The recent shooting of Samuel DuBose by a University of Cincinnati campus officer has barely made national news, even in the era of increased awareness of police brutality and murder of black lives, but all of that is about to rapidly change here in the Queen City.
Cincinnati Mayor John Cranley said he's confident police are ready for whatever happens this week after prosecutors release video of a fatal shooting by a University of Cincinnati police officer.
Cranley said city officials are preparing for the video's release, as well as the conclusion of a grand jury investigation, in two ways: They are making sure police have the resources they need to respond to any protests or unrest, and they are reaching out to community leaders to prevent trouble from getting started.
"I think we're prepared," Cranley said Tuesday. "Everyone has the right to peacefully protest, but we will not tolerate lawlessness."
Hamilton County Prosecutor Joe Deters has said he expects the grand jury investigating the shooting to complete its work this week, at which time he will announce whether UC Police Officer Ray Tensing will be charged with a crime and also will release video of the incident from the officer's body camera.
Tensing shot and killed Samuel DuBose, 43, during a traffic stop on July 19. The officer stopped DuBose at Rice and Valencia streets in Mount Auburn for having a missing front license plate.
Many questions remain unanswered. The police incident report said Tensing was "dragged," but there was no mention of the dragging in the police dispatch call. Deters has refused to release video of the incident until the grand jury's work is done, saying it is part of the investigation.
Cranley and other city officials say they have not seen the video, but City Manager Harry Black said Monday he has been briefed on what it shows.
"My reaction is that it is not a good situation," Black said. "Someone has died that did not necessarily need to die."
The various reactions by Mayor Cranley, Police Chief Blackwell, and City Manager Black tells me that 1) the body camera video is explosively bad, and 2) that there's little question that Officer Ray Tensing is in a world of trouble. For this administration to go into damage control mode before the video is even made public tells me Cranley, Blackwell, and probably the city council as well are all terrified of the city's reaction to this, and after the 2001 protests they are painfully aware of what can go wrong.
Cranley in particular is arrogant, even when he's beaten, full of bravado and noise. You have only to look at how he's the champion of Cincinnati's streetcar program after running on killing the streetcar two years ago. Now Cranley's acting like he's the voice of reason and is the one making the streetcar "work" when it would otherwise be a mess. He's more than happy to take credit for "reforming" it these days.
But for Cranley to go into damage control mode publicly without being pushed by protesters and national press? Cranley's not even attempting to fight this. I don't think Cranley is overreacting at all, because I think the body camera video of the stop must clearly show that Tensing murdered DuBose.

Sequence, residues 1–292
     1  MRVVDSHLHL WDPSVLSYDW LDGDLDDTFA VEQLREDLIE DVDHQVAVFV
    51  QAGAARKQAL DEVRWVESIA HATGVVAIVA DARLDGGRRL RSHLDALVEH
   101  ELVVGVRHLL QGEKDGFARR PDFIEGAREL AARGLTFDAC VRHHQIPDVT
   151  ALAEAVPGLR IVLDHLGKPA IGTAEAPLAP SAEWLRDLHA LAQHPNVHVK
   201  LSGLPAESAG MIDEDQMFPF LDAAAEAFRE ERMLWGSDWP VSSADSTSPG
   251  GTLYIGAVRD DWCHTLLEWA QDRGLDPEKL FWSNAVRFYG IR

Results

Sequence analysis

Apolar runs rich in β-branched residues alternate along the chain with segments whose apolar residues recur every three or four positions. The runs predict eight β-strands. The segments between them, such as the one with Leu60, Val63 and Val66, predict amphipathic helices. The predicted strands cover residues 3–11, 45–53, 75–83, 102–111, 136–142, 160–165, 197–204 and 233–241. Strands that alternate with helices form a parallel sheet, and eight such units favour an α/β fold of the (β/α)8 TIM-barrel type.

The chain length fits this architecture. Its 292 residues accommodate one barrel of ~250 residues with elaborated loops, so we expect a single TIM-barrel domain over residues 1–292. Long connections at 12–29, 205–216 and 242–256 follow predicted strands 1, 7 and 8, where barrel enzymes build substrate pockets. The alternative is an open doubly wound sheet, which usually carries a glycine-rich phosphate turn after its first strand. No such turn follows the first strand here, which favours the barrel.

Usually you have local governments prevaricating and qualifying things, "I can't comment on an ongoing investigation" or "We're still looking at all the evidence" or "You'll have to talk to UC President Santa Ono about this", and for Santa Ono to be openly talking about reforming the campus police rather than having to be forced into reforms and the defense attorney for the University saying that he expects an indictment is amazing. Remember, 99% of the time police are never convicted of murder of citizens, especially black citizens, and the trial is just for show.
This is starting to look like it might be the 1% where justice actually happens. The Cincinnati Enquirer is suing for the release of the video but the news now that the grand jury expects to wrap up this week is very strange and almost too orderly. It's like the entire city administration is getting out in front of something horrific that hasn't gone public yet. This just doesn't happen, even with Cincy's history of reform, and Chief Blackwell's crusade to make the police more accountable. You always deny deny deny and circle the wagons, not, you know, do the right thing.
All we can do now is await the video's release later this week, and I'm betting it's going to put Cincinnati in a very, very harsh national spotlight. But maybe that spotlight will see justice done for Samuel DuBose.
[UPDATE] Hamilton County prosecutor Joe Deters is holding a press conference on the DuBose shooting at 1 PM, followed by Mayor Cranley and Chief Blackwell giving a press conference at 2 PM.
University of Cincinnati is cancelling classes today starting at 11 AM ahead of the press conference, which means that that grand jury decision may very well be coming down this afternoon, plus the video.
More later today.